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Veterans Day Salute: Bob Young

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Airplanes are what drew Bob Young to join the Air Force over other branches of the military.

“I’ve always loved to fly. It’s in my DNA,” said the former Augusta mayor who soon learned it was what the military wanted not what he wanted when it came to assignments.

That was in 1967 during the Vietnam War. Young had received a draft notice. He’d first talked to an Army recruiter who tried to convince him he could fly helicopters, but he decided against it, opting for the Air Force instead.

But in the Air Force, Young didn’t get to follow his dream of becoming a pilot. Instead, the military branch tapped into another area that would become a huge part of his life and work. He had worked at a radio station in his hometown of Thomson prior to joining the Air Force.

He found himself in the Air Force’s broadcasting track and ended up at Lowry Air Force Base in Colorado, where he worked on training films.

Bob Young during the Vietnam War. Photo courtesy Bob Young

“I had experience with every piece of equipment the Air Force had,” he said.

In 1969, he became part of the Armed Forces Vietnam Network, which was comprised of members of different branches of the military.

“It was a unique experience being part of a joint service,” he said.

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AFVN was responsible for radio and television programming for service members in Vietnam.

He worked in several different locations during his time in Vietnam.

Bob Young was assigned to the Armed Forces Vietnam Network. Photo courtesy Bob Young

The broadcasts provided a slice of American life for service members who were a long way from home.

 “We wanted to keep it as it was in the states,” he said. “They were isolated from their family and friends and what was happening at home.”

The impact of what they did was hard to measure, he said, but they did get a lot of positive feedback.

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“They would tell you how much they enjoyed it. We were the only source of that type of entertainment,” he said.

Young said he’d never forget one special broadcast involving the Apollo 11 moon landing in 1969.

Working with the technology of the day, they took previously recorded NASA video and teamed it with the audio from the moon landing to provide a glimpse into space for those in Vietnam.

Bob Young was part of a special broadcast about the Apollo 11 moon landing when he served in Vietnam. Photo courtesy of Bob Young

He remembers delivering the broadcast film and playing it in a remote location.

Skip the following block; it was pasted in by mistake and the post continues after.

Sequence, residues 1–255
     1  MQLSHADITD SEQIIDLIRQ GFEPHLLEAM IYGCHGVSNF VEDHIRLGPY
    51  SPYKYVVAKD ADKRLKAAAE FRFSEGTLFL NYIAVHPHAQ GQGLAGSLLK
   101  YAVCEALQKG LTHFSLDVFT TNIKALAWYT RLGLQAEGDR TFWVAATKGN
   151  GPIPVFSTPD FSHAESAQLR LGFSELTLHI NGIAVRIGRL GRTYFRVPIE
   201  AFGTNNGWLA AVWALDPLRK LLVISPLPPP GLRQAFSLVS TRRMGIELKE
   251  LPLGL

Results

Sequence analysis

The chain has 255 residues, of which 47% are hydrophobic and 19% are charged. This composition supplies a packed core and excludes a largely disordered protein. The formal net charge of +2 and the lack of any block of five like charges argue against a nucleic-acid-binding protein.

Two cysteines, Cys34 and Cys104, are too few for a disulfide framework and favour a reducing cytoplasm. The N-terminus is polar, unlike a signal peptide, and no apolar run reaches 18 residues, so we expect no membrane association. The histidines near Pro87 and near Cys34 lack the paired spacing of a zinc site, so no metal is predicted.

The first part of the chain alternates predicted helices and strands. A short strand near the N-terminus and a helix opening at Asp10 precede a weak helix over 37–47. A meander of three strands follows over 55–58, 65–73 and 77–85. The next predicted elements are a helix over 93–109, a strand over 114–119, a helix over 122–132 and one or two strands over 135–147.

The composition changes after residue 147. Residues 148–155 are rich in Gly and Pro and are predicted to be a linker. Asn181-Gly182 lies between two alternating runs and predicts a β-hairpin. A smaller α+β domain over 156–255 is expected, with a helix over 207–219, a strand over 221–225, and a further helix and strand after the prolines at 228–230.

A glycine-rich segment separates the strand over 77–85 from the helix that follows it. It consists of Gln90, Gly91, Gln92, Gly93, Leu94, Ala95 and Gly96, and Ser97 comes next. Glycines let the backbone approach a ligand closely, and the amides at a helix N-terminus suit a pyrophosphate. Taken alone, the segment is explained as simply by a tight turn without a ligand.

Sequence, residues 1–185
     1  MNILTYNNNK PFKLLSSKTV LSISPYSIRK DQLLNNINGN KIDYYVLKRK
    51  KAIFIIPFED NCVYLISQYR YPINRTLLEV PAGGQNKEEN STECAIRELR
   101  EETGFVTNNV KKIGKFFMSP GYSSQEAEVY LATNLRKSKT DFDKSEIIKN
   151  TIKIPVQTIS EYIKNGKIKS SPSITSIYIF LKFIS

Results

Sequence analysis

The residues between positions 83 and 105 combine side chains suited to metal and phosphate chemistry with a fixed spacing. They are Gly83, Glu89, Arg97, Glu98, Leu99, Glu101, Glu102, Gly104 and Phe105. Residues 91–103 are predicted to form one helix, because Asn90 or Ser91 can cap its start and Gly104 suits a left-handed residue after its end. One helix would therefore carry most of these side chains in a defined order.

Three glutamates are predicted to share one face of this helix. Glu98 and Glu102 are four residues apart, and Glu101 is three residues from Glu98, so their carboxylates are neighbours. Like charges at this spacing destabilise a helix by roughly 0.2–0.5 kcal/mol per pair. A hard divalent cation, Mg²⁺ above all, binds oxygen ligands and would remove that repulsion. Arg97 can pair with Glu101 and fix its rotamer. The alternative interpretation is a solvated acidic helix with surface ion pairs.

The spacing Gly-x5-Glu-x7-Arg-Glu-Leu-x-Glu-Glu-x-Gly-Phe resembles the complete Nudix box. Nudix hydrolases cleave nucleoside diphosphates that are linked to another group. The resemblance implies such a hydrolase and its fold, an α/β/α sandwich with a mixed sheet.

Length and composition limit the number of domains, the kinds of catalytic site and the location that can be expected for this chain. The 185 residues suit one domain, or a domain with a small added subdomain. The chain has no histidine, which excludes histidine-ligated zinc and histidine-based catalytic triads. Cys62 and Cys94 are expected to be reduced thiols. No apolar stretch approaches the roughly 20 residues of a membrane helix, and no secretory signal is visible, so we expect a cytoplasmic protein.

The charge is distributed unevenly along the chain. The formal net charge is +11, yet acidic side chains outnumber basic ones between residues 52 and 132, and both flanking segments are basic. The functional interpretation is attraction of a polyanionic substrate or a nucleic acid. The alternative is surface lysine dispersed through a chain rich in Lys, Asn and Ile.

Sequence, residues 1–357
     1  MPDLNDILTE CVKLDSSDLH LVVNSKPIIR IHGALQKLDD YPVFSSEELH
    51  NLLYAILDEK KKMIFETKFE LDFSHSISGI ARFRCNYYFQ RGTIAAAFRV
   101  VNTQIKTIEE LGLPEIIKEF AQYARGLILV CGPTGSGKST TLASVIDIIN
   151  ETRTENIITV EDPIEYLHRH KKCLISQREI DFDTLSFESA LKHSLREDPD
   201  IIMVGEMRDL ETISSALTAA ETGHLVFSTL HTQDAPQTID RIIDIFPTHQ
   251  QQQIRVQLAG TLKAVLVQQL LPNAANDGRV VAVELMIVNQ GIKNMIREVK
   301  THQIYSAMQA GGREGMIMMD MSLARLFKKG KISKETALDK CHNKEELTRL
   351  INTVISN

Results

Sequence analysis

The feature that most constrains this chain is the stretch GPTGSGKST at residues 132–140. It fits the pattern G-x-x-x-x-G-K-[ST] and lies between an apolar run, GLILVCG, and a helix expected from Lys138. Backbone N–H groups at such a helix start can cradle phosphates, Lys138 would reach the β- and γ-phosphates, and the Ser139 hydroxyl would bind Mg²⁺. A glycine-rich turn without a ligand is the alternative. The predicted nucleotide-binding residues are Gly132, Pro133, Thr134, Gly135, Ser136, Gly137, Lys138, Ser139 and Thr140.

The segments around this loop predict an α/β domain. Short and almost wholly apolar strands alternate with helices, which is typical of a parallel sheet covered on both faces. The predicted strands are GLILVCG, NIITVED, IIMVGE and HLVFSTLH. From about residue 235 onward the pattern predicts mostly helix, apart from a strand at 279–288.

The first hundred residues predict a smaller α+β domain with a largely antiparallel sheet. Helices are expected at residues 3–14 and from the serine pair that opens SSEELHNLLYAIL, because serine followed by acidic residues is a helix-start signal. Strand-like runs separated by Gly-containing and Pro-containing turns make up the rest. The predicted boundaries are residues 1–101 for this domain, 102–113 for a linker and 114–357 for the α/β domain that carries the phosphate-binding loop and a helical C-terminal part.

“I was very proud of the way the crew put it together,” he said.

When the USO tours would come through, he’d often meet with the performers and do broadcasts about those as well.

Since he joined the Air Force to be near planes, he used his days off to fly with others.

Bob Young during the Vietnam War. Photo courtesy Bob Young

Young returned stateside in 1971 and left the military after his four-year commitment.

He worked for WBBQ radio before becoming a television journalist and anchoring for WJBF-TV, the ABC affiliate. From 1988 to 1991, ABC aired a drama called “China Beach” about a medical team in Vietnam.

“They used me as a consultant. I flew to L.A.,” he said.

He was interviewed about his time in the AFVN for an episode called “Souvenirs” that aired in 1990. That episode won a Peabody Award.

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He served as mayor of Augusta from 1999-2005 and resigned when President George W. Bush tapped him to serve as the regional director of the U.S. Department of Housing and Regional Development in Atlanta.

He worked at Phinizy Swamp for two years.

Young said he’s retired, but he stays busy.

He’s authored several historical fiction novels including the “Treasure Train” and “The Hand of the Wicked” and has appeared in several movies including “Poms,” “The Blind Side” and “Agent Game,” recently filmed in Augusta.

He also works to help other veterans. One goal of Young’s is the development of a veterans’ cemetery in south Augusta. He’s hopeful that project will overcome its hurdles to be a reality in the next few years.

Charmain Z. Brackett is the Features Editor for The Augusta Press. Reach her at [email protected] 

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